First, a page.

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<!DOCTYPE html PUBLIC "-//W3C//DTD XHTML 1.0 Transitional//NL" "http://www.w3.org/TR/xhtml1/DTD/xhtml1-transitional.dtd"
My site now validates at w3c as "Valid -//W3C//DTD XHTML 1.0 Transitional//NL", instead of "Valid XHTML 1.0 Transitional". Does that mean it's less-supported or invalid?
Or should I just ignore the difference and accept this as 'valid xhtml'?
Secondarily, language may also be indicated in a meta tag, but the lang attribute is supposed to override a meta tag language declaration, in case of a conflict.
<meta HTTP-EQUIV="Content-Language" Content="nl">
Language information is also sent by the server in the HTTP header.
Here's a W3C Reference [w3.org] about language on a web page. But, I can't find any W3C reference that recommends changing the DTD - so I wouldn't recommend it either.
That abbreviation doesn't refer to the content of the document. It refers to the language used to develop the markup language -- HTML tag names are taken from English, so the language has to be //EN. Always. No exceptions.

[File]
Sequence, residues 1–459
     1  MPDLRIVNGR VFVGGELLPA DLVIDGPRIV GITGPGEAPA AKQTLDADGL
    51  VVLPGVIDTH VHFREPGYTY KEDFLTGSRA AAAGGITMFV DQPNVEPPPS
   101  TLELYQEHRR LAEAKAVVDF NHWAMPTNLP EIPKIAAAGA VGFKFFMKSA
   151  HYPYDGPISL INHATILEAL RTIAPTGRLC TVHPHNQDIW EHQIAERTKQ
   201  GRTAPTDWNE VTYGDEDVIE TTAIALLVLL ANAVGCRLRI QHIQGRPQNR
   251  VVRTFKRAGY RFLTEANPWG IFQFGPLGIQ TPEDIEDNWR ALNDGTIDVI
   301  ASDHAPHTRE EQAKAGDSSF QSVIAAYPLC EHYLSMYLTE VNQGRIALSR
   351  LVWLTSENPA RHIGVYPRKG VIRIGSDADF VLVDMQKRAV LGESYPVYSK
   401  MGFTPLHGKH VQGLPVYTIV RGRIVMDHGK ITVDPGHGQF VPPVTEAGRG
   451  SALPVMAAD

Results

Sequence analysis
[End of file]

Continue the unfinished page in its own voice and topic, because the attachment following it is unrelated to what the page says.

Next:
Basically, the "EN" refers to the language of the DTD, not of the document itself. All W3C DTDs are written in English, so you should always use EN. If you have created your own DTD for your SGML documents, then it may be different (but you would be using SGML, not just HTML).
It is best to set the document language in the HTTP header before the page is served, or, failing that, to declare the language on the
element, either with the
attribute (for HTML) or the
attribute (for XHTML). You can also specify the language in a meta element if you aren't able to change the
element (if you're using a CMS with limited access to the markup, for example).